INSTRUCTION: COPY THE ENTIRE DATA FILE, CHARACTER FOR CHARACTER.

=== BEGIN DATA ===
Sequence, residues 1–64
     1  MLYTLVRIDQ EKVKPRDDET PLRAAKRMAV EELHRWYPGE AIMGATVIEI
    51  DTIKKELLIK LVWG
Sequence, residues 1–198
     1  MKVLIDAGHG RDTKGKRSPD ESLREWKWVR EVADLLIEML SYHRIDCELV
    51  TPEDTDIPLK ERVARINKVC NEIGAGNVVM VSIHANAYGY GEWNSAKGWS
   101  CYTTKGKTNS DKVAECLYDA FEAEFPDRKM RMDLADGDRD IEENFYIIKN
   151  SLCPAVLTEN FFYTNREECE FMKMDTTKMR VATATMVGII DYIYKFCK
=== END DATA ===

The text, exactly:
Sequence, residues 1–64
     1  MLYTLVRIDQ EKVKPRDDET PLRAAKRMAV EELHRWYPGE AIMGATVIEI
    51  DTIKKELLIK LVWG
Sequence, residues 1–198
     1  MKVLIDAGHG RDTKGKRSPD ESLREWKWVR EVADLLIEML SYHRIDCELV
    51  TPEDTDIPLK ERVARINKVC NEIGAGNVVM VSIHANAYGY GEWNSAKGWS
   101  CYTTKGKTNS DKVAECLYDA FEAEFPDRKM RMDLADGDRD IEENFYIIKN
   151  SLCPAVLTEN FFYTNREECE FMKMDTTKMR VATATMVGII DYIYKFCK